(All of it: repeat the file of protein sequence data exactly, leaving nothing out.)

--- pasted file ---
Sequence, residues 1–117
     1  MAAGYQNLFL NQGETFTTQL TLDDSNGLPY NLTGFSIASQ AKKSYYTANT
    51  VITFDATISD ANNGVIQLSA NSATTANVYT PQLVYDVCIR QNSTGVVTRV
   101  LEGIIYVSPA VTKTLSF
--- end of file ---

Sequence, residues 1–117
     1  MAAGYQNLFL NQGETFTTQL TLDDSNGLPY NLTGFSIASQ AKKSYYTANT
    51  VITFDATISD ANNGVIQLSA NSATTANVYT PQLVYDVCIR QNSTGVVTRV
   101  LEGIIYVSPA VTKTLSF